business news in context, analysis with attitude

The New York Times over the weekend had an interview with Kip Tindell, co-founder and CEO of The Container Store,in which he talked about the important components of leadership. Excerpts:

“The way we create a place where people do want to come to work is primarily through two key points. One of our foundation principles is that leadership and communication are the same thing. Communication is leadership. So we believe in just relentlessly trying to communicate everything to every single employee at all times, and we’re very open. We share everything. We believe in complete transparency. There’s never a reason, we believe, to keep the information from an employee, except for individual salaries.

“I always make it a point to give the same presentation I give at the board meeting to the staff, and then that trickles down to everybody in the company. I know that occasionally some of that information falls into the wrong hands, but that’s a small price to pay for having employees who know they know just about everything.

“One of the other foundation principles is that one great person could easily be as productive as three good people. One great is equal to three good. If you really believe that, a lot of things happen. We try to pay 50 to 100 percent above industry average. That’s good for the employee, and that’s good for the customer, but it’s good for the company, too, because you get three times the productivity at only two times the labor cost.”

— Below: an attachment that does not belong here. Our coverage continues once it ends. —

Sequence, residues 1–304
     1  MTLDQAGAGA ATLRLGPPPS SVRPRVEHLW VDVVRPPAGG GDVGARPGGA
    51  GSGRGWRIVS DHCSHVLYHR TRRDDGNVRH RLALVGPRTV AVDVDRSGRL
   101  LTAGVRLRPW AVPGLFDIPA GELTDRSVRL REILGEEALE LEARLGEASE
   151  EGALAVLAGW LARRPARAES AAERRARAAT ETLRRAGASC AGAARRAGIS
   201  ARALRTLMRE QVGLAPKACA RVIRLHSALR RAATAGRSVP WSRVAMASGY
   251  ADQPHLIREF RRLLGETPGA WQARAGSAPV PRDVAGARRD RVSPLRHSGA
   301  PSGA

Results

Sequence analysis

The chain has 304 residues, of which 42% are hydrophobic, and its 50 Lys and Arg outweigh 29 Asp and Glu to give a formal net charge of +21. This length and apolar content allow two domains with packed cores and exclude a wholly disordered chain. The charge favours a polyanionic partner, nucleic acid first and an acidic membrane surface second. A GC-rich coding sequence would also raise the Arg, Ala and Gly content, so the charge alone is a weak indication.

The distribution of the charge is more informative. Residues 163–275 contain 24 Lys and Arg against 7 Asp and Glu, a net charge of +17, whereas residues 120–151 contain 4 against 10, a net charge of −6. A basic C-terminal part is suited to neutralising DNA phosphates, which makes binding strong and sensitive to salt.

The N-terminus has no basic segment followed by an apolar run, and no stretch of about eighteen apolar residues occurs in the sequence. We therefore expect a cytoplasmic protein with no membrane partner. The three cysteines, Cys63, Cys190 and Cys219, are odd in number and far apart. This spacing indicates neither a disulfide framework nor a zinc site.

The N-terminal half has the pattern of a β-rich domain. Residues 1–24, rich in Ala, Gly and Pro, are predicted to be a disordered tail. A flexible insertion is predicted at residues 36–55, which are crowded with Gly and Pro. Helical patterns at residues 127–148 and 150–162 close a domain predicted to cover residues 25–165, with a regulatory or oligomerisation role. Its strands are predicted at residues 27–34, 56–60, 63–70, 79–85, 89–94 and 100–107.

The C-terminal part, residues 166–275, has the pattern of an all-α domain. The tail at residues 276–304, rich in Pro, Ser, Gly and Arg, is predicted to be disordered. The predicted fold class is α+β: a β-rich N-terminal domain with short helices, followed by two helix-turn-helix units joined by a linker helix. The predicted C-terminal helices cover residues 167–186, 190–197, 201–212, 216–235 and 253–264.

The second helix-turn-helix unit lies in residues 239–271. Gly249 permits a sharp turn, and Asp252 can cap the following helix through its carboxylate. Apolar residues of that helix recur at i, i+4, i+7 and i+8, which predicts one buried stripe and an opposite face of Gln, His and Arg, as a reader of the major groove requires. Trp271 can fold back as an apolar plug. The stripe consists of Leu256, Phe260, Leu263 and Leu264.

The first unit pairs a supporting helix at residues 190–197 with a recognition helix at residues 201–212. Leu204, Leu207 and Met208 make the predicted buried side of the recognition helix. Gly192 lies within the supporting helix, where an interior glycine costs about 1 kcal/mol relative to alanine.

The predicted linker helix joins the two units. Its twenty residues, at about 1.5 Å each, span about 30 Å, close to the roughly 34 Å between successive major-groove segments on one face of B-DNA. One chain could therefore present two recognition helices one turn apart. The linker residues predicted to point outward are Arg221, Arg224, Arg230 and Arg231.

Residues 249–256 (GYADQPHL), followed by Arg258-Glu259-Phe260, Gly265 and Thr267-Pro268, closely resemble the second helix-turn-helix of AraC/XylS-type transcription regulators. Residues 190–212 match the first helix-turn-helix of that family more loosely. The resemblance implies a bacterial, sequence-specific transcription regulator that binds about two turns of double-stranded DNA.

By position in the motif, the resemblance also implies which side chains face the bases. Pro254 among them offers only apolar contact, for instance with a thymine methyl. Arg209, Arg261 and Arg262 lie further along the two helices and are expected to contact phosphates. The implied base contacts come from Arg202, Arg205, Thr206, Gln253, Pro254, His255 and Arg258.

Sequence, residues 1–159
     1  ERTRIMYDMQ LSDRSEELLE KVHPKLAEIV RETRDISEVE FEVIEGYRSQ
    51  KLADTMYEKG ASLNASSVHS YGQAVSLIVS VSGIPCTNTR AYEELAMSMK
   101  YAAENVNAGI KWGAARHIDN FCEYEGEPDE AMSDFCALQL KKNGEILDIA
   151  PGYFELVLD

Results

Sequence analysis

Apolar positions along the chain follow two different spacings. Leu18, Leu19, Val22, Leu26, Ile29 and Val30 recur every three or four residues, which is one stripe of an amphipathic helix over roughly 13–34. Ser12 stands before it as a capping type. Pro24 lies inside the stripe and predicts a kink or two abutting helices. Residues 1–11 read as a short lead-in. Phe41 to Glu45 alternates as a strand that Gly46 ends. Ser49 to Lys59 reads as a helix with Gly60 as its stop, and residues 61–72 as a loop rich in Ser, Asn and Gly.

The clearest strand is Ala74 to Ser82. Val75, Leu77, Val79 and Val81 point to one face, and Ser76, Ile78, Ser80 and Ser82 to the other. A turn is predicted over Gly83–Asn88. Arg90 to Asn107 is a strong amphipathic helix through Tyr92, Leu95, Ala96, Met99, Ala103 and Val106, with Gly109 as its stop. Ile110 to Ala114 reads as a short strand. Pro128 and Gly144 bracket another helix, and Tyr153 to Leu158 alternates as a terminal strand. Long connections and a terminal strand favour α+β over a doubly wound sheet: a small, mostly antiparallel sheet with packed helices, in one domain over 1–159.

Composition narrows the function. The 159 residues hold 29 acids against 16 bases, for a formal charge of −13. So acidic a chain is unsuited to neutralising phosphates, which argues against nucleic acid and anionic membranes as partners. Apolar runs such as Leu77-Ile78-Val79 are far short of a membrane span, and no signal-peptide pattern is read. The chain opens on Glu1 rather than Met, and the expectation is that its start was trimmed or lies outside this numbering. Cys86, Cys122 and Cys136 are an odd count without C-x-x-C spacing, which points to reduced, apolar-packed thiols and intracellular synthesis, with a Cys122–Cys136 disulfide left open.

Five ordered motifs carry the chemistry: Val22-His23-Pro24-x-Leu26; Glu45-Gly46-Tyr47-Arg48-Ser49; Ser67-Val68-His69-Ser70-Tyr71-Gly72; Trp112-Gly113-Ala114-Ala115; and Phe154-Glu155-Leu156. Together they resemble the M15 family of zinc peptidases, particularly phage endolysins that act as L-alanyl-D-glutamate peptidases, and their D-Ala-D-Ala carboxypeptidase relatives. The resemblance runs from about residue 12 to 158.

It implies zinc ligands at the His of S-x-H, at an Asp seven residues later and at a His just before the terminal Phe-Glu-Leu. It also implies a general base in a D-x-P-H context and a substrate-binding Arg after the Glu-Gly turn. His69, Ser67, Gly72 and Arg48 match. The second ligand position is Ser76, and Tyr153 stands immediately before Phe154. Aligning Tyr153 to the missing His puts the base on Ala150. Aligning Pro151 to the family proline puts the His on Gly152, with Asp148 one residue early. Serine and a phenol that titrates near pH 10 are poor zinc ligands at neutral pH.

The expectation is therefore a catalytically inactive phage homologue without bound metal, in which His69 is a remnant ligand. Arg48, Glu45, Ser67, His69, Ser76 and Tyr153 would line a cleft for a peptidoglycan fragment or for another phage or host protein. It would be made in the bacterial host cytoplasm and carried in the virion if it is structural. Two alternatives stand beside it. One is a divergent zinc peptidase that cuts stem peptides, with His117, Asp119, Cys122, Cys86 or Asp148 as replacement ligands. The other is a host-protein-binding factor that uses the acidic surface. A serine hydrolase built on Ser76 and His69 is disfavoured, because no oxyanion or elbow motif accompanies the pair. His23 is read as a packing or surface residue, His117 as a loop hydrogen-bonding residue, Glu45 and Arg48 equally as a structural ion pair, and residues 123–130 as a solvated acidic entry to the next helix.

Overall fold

KC's View:
Interesting that this morning we have two stories - about the founders of The Container Store and Whole Foods - that deal with notions of leadership.

Tindell makes another important point worth noting - that people, like boats, create a wake. If you have the right people, and foster a positive working environment, that wake can be an extremely positive thing, fomenting a momentum and spirit that can transform an organization.

That makes a lot of sense. And I wonder, as I move through retail checkouts staffed by people who often are at best indifferent and at worse oblivious, if enough retailers put a premium on hiring right.